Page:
A project manager is integral to getting projects completed on time and within budget and scope. This person is in charge of concrete responsibilities like planning and budgeting. Simply put, they are the ones who have a complete overview of the project in terms of vision and implementation.
Table of Contents
- Accessibility Isn’t Just a Good-to-Have Feature
- It’s Important to Be Aware of the Accessibility Laws and Standards
- You Should Be Aware of Your Firm’s Accessibility Policies
- Anticipate and Prepare for Challenges
- The Process Is Complex
- Testing Early Is Beneficial
- You Should Have Plans to Maintain Web Accessibility
- Remember: You Are Core to the Process
- Summing Up
As a result, project managers involved in web development projects should be aware of critical matters that affect an organization’s standing, including upholding accessibility.
Web accessibility is a vital element of mainstream websites today. PMs involved in the development of websites, apps, or other digital tools should ensure the proper implementation of accessibility techniques, thus protecting the firm from unnecessary legal battles and penalties.
If you are a project manager, this post will offer you information on everything you need to know about accessibility. You will also find effective tips on how to position yourself as a gatekeeper and driver of accessibility in your organization.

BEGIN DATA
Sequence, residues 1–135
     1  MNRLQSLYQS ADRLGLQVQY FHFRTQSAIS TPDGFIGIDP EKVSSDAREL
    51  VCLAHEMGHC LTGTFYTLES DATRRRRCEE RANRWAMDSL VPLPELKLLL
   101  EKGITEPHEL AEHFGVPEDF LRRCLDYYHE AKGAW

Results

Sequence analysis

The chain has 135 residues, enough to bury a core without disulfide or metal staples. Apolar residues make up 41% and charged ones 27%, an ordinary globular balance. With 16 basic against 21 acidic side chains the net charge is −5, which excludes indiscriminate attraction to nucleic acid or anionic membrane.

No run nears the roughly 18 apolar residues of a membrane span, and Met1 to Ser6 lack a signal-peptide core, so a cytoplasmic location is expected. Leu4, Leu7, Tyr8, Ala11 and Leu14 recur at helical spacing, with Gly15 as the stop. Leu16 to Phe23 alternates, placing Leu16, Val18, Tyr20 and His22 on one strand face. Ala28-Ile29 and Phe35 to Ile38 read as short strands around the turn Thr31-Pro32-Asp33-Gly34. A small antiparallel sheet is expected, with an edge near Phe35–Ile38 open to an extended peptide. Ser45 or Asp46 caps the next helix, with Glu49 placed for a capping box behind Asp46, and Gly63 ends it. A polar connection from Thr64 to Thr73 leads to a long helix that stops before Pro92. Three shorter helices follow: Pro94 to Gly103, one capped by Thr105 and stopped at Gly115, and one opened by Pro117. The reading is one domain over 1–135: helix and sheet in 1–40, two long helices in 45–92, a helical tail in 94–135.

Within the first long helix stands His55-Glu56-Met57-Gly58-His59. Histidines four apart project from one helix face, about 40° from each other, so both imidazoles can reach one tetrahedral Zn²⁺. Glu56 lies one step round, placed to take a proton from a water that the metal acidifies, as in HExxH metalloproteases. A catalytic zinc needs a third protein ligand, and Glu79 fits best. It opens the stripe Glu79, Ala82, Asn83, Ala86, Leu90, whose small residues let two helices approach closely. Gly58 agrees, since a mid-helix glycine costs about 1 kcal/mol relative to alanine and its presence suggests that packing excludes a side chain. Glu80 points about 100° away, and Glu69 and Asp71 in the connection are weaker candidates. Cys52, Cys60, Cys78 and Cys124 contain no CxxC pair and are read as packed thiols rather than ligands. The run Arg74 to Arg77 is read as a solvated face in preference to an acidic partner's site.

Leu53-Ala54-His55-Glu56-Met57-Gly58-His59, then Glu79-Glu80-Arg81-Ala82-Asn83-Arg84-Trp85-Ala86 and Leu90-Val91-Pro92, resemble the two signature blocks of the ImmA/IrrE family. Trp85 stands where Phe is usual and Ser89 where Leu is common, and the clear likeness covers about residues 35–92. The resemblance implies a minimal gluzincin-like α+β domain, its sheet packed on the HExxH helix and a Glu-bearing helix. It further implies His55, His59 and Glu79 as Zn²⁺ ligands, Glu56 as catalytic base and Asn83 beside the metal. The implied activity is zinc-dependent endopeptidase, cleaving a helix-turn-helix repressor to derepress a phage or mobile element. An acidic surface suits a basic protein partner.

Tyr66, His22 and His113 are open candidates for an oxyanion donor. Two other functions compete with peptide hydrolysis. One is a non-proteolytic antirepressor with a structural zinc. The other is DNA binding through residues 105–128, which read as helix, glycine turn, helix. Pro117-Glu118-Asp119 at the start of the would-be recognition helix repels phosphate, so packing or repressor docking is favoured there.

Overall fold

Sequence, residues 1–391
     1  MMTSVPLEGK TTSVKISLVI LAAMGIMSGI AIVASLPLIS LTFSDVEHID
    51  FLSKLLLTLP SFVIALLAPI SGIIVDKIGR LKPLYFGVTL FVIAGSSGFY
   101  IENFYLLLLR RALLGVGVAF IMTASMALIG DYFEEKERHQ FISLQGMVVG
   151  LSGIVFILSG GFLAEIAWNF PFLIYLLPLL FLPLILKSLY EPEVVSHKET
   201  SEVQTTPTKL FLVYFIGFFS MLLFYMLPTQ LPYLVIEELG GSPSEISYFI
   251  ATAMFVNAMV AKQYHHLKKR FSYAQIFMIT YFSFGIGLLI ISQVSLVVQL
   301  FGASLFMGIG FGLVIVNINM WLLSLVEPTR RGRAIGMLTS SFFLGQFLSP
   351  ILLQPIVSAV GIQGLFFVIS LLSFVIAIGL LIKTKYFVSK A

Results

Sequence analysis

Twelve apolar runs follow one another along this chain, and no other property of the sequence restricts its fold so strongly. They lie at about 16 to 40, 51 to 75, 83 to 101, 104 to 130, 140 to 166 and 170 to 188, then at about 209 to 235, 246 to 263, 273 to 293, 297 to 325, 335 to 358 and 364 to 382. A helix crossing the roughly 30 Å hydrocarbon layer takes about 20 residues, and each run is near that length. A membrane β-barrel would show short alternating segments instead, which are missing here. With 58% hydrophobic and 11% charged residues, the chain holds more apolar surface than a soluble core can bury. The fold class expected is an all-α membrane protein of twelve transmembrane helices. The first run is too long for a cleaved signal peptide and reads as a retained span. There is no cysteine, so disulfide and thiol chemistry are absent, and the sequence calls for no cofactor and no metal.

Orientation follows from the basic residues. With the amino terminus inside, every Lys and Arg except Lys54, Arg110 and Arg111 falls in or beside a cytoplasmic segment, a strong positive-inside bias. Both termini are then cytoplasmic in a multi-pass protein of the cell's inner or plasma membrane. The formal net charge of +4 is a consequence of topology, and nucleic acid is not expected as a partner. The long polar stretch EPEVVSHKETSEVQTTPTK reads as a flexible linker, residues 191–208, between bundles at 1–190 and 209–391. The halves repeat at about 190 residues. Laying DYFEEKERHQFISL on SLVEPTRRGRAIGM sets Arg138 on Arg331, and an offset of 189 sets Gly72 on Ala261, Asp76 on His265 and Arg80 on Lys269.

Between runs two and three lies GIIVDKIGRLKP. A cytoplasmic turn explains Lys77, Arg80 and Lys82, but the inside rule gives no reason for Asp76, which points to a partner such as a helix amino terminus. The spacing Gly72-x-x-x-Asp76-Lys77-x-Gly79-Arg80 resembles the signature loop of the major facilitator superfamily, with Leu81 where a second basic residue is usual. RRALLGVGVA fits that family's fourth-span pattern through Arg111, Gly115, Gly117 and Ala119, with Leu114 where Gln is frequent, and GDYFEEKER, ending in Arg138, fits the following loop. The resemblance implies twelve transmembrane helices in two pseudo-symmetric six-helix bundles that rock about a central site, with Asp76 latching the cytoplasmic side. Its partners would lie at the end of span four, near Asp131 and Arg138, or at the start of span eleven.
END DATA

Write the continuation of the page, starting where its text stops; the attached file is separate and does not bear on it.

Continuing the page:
Web accessibility isn’t an optional feature that can be implemented if you have to budget or schedule. The ADA (Americans with Disabilities Act of 1990) requires businesses and individuals to adhere to the digital and web accessibility guidelines put forth by the Web Content Accessibility Guidelines (WCAG).
Non-adherence to these guidelines can attract digital accessibility lawsuits that are not just expensive but also bad for the firm’s reputation. However, despite the growing awareness of the significance of accessibility, the lawsuits are increasing each year.
Most businesses are unaware of the guidelines until they get into a legal soup. Therefore, as a project manager, it’s wise to proactively audit your company site based on the WCAG guidelines and take measures to comply with them.